meeting at noah's office, confirm incident friday night, 20th, estimated initial casualties in the thousands, british interests adversely affected, funds transfers as discussed.
Not long after, the government eavesdroppers had also cracked part of a second text message, sent from the same phone, same encryption algorithm, but to a different number.
meet me sunday at restaurant rostilj outside novi sad, 20:00. i am 6+ feet tall, irish accent.
Then the Irishman — who'd courteously, if inadvertently, supplied his own nickname — had destroyed the phone or flicked out the batteries, as had his co-conspirator Noah and the other text recipient.
In London the Joint Intelligence Committee and members of COBRA, the crisis management body, met into the night to assess the risk of Incident 20, so called because of Friday's date.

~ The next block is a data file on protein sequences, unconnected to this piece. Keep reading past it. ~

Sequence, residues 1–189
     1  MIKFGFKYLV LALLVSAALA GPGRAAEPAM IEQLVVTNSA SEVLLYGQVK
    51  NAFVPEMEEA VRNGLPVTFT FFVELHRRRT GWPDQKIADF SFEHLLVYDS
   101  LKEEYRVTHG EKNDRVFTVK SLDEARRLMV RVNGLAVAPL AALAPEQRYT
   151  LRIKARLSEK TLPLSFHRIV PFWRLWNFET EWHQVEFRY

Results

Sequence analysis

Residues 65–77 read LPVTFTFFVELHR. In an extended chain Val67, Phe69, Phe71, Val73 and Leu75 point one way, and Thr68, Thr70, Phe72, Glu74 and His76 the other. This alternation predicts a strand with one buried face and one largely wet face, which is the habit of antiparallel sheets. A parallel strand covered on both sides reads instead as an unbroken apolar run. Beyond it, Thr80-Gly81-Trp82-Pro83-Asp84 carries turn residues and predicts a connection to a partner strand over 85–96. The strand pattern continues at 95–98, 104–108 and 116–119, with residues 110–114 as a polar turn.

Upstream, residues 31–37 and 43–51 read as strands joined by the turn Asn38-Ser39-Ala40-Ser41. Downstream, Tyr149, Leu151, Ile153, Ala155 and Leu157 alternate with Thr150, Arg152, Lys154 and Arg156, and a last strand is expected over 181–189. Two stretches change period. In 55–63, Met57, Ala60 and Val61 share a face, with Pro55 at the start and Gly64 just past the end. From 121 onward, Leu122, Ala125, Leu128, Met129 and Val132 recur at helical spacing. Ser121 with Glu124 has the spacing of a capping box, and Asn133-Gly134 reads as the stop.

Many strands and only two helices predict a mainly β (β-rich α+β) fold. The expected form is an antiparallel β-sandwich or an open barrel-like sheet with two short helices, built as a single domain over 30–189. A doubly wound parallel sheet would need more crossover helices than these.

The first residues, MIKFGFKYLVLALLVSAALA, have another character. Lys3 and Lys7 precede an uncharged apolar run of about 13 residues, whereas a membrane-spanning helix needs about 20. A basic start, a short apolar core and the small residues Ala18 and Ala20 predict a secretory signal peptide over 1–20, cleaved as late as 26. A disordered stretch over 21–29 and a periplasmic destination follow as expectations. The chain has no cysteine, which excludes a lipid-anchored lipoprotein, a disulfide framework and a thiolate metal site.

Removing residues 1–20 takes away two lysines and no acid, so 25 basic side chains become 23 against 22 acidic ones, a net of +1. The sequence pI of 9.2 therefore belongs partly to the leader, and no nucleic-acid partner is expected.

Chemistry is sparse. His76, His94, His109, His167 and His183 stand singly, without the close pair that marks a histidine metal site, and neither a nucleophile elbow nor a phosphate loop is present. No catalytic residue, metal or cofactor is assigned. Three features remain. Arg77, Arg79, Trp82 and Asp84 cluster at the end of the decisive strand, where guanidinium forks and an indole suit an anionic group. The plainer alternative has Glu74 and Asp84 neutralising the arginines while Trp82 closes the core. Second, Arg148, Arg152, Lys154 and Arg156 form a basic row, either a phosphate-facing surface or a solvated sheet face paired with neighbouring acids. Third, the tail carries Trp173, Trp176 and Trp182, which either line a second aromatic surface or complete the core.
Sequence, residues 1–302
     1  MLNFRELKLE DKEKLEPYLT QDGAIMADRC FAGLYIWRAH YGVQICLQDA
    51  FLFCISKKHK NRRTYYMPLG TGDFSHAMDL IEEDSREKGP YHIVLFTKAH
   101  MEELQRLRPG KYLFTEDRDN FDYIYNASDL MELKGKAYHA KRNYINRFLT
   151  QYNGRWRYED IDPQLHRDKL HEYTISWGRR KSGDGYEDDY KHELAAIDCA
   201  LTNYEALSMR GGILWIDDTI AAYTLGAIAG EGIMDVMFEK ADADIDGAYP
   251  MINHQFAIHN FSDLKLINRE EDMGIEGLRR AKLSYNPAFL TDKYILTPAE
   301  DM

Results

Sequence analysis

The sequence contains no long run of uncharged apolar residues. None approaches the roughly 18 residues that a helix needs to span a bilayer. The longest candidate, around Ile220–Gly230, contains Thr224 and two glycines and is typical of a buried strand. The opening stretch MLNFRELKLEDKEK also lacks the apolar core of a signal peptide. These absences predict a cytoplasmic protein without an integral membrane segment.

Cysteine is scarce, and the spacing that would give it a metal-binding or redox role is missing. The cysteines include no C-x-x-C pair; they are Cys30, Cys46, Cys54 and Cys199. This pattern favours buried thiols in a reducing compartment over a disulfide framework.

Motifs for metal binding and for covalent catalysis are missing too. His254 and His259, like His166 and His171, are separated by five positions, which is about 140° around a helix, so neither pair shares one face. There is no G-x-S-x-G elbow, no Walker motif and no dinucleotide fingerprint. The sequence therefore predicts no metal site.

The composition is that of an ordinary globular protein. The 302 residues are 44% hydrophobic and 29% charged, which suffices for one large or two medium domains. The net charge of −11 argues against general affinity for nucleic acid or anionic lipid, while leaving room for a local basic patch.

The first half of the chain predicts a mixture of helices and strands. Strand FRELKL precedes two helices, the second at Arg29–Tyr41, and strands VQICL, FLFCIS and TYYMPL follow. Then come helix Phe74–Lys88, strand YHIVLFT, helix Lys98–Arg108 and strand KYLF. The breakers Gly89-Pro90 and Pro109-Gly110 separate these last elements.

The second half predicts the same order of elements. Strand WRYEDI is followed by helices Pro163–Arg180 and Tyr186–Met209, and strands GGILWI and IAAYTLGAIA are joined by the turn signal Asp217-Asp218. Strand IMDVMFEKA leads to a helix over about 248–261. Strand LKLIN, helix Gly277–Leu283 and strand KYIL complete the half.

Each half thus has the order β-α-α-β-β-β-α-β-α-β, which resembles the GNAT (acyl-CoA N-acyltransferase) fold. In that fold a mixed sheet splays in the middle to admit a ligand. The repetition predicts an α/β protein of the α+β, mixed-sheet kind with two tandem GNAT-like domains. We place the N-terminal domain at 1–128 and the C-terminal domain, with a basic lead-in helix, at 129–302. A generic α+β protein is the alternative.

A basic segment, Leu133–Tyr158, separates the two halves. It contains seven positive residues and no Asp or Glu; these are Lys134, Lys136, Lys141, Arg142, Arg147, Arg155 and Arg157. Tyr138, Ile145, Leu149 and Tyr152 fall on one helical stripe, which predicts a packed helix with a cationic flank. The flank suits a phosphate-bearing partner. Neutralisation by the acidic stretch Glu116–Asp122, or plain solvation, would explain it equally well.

There was no solid information on the origin or nature of the threat but MI6 was of the opinion that it was coming out of the tribal regions in Afghanistan, where al-Qaeda and its affiliates had taken to hiring Western operatives in European countries. Six's agents in Kabul began a major effort to learn more. The Serbian connection had to be pursued, too. And so at ten o'clock last night the rangy tentacles of these events had reached out and clutched Bond, who'd been sitting in an exclusive restaurant off Charing Cross Road with a beautiful woman, whose lengthy description of her life as an underappreciated painter had grown tiresome. The message on Bond's mobile had read, NIACT, Call COS.
The Night Action alert meant an immediate response was required, at whatever time it was received. The call to his chief of staff had blessedly cut the date short and soon he had been en route to Serbia, under a Level 2 project order, authorizing him to identify the Irishman, plant trackers and other surveillance devices and follow him. If that proved impossible, the order authorized Bond to conduct an extraordinary rendition of the Irishman and spirit him back to England or to a black site on the Continent for interrogation.